Glass ceiling for dogs? Males win Westminster almost twice as often

NEW YORK (Reuters) - After the German shepherd Rumor won the top prize at last year’s Westminster Kennel Club Dog Show in New York, she had her first litter of puppies and retired from competition, like many female show dogs.

By contrast, most top male show dogs can keep competing for years, and it is no coincidence that they also win “Best in Show” in the prestigious annual competition far more often than females, breeders and handlers said as they prepared for this year’s show, which opens Monday, Feb. 12 in New York.

“Now she won’t show again, she’s done,” said Gail Miller Bisher, a spokeswoman for the Westminster Kennel Club, referring to Rumor. “But males can keep going. They can be used as stud and continue showing and keep their coat and keep their shape of body and all that.”

Female dogs, known in pure-bred circles as “bitches,” have snared Best in Show at Westminster 39 times since the award was first given in 1907. Males, known simply as “dogs,” have been victorious 71 times, almost twice as often.

A dog’s peak age for competition is 3 to 5 years old, which also happens to be prime breeding age for females, said Kimberly Calvacca, a professional handler and breeder from Westbury, New York.

The Best in Show winner crowned Tuesday night takes home a trophy. But the real reward is the increased value on the breeding circuit, which is one reason victory can end a female’s competitive career.

“People don’t like to campaign females because they don’t like to jeopardize their breeding program,” said Calvacca. “Males can be used to stud anytime, and still show and breed at the same time.”

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As a consequence, females are less likely to compete at Westminster, the second-oldest U.S. sporting event after the Kentucky Derby. Ahead of this year’s opening day on Monday, there were 1,220 female competitors and 1,699 male challengers enrolled in most categories, including vying to be named top dog on Tuesday at Madison Square Garden.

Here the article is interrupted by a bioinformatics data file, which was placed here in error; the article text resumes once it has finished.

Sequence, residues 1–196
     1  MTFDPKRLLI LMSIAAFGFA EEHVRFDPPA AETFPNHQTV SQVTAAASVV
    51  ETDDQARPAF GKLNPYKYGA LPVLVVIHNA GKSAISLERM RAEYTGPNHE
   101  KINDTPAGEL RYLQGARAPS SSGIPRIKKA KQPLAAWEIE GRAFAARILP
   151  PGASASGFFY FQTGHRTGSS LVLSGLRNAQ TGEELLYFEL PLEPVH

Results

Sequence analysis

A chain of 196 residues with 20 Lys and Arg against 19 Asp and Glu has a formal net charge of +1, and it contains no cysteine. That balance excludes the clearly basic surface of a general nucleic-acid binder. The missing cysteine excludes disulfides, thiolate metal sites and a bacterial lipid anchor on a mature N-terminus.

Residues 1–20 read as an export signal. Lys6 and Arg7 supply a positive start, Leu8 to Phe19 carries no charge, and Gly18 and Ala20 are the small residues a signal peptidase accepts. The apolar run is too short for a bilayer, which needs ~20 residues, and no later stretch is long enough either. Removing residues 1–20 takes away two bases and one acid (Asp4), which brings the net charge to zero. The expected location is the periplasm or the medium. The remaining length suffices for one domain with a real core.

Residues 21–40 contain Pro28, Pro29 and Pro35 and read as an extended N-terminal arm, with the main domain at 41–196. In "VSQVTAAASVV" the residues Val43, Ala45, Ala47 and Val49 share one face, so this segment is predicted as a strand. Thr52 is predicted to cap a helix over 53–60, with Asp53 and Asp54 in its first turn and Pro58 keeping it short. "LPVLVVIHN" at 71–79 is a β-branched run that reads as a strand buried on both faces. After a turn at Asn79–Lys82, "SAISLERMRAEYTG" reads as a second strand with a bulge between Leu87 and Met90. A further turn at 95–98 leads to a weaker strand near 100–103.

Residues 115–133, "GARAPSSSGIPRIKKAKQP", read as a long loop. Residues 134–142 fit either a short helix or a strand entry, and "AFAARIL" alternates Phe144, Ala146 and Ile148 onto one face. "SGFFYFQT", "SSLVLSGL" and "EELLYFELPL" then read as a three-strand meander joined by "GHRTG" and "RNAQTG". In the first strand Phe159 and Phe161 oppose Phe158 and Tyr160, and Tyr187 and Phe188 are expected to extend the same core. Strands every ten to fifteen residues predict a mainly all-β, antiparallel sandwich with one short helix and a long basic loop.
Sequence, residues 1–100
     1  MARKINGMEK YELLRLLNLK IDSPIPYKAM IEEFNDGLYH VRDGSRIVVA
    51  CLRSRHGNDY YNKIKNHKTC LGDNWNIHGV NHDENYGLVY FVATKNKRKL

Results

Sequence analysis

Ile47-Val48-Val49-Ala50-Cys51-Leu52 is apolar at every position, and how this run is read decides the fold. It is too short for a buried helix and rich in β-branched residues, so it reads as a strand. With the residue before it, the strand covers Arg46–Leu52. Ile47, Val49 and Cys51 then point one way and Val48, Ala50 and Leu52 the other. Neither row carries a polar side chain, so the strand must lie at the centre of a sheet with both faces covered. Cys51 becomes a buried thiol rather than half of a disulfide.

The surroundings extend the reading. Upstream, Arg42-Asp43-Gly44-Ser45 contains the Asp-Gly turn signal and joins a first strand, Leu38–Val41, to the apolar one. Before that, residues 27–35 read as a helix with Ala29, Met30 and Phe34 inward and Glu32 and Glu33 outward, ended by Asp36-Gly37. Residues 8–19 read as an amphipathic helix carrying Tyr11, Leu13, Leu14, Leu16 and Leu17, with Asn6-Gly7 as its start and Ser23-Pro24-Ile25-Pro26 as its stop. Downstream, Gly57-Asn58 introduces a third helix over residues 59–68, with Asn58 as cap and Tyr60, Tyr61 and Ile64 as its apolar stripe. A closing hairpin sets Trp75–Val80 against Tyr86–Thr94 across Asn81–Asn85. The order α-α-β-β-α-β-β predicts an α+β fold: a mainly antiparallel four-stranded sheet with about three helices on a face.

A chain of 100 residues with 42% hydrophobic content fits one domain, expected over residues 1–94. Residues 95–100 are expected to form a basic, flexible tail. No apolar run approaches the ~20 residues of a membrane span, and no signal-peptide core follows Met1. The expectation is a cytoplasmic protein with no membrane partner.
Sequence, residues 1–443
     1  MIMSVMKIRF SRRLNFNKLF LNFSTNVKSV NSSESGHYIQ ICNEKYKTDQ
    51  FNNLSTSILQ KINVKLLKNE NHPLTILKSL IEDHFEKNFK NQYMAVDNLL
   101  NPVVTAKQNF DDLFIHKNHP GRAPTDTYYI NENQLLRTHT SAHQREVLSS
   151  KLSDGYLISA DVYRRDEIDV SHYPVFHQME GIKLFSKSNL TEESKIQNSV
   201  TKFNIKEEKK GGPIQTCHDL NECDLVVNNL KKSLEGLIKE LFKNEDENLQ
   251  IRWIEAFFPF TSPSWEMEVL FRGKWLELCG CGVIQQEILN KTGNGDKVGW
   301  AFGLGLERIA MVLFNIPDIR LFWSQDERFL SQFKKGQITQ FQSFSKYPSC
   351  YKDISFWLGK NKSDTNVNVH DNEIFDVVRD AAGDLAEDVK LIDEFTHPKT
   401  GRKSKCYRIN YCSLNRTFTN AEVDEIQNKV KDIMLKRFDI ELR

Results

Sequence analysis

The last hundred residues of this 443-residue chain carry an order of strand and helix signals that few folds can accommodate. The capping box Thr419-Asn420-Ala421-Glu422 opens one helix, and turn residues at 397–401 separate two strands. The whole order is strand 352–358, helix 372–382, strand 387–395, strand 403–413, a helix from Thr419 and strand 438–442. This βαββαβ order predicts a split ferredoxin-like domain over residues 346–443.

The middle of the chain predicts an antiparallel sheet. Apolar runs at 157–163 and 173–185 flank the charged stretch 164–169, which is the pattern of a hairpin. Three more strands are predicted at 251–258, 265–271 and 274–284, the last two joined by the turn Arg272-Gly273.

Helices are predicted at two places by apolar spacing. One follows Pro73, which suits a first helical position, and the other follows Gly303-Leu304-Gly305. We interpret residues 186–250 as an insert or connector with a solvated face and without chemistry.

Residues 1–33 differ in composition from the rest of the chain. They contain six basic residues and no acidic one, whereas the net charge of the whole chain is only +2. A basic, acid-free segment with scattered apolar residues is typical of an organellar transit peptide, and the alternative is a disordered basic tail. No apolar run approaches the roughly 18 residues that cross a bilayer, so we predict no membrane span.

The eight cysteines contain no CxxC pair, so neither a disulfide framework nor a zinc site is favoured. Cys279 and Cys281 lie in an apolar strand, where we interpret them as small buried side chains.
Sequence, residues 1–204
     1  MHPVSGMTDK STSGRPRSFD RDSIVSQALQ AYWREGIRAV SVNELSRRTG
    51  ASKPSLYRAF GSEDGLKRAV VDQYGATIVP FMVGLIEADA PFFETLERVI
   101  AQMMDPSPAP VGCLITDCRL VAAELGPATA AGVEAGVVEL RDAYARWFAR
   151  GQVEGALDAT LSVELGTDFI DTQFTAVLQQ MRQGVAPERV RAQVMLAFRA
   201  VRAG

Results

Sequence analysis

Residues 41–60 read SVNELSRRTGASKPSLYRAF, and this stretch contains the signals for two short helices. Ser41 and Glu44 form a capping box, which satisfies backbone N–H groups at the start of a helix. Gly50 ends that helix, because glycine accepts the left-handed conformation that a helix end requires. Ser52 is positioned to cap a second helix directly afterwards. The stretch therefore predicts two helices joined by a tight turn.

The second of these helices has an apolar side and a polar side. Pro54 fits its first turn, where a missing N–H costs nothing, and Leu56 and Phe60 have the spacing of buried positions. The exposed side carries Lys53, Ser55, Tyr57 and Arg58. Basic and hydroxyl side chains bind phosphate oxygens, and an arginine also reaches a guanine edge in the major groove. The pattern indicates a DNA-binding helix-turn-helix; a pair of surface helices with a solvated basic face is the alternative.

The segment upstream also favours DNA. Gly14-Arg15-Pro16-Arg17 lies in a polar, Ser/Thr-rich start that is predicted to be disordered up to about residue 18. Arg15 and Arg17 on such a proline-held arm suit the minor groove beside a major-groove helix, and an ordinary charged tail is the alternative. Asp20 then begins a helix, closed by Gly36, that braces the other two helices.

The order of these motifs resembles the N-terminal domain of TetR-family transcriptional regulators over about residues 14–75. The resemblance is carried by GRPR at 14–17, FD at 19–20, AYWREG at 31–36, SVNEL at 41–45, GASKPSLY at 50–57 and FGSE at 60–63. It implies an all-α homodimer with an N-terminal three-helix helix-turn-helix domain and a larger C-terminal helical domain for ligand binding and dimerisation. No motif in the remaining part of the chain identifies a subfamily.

A female competitor’s “heat” cycle brings changes in temperament and hormones that can also hurt its chances of winning the world-renowned show for pure-bred canines.

Many handlers and owners will not show a female during its cycle, which comes about every six months, because “they’re moody,” said Wendy Kellerman, a handler and breeder from Hauppauge, New York.

Depending on the breed, a female dog in season will shed her coat, leaving her less impressive looking than male peers. Those kinds of changes can knock her out of competition for months.

“Some people say, ‘I don’t want to be bothered with that, I’ll go with a male,” said Calvacca.

Betty-Anne Stenmark, the sole judge of this year’s Best in Show competition at Westminster, said appearance was important when it comes to picking a world champion. But she denied that the cards are stacked in favor of males.

Stenmark said each sex has a “50-50 chance” of winning and judging can be highly subjective, depending on a judge’s experience.

In the end, a male Best in Show winner can bring a bigger payoff than a female because a male can breed many times, and even have its sperm frozen, while females can produce only so many litters and puppies, said WKC’s Bisher.

“The males obviously have an easier go of it, whereas the girls having a litter is stressful for everybody,” she said.

Reporting by Stephanie Kelly; Editing by Barbara Goldberg and David Gregorio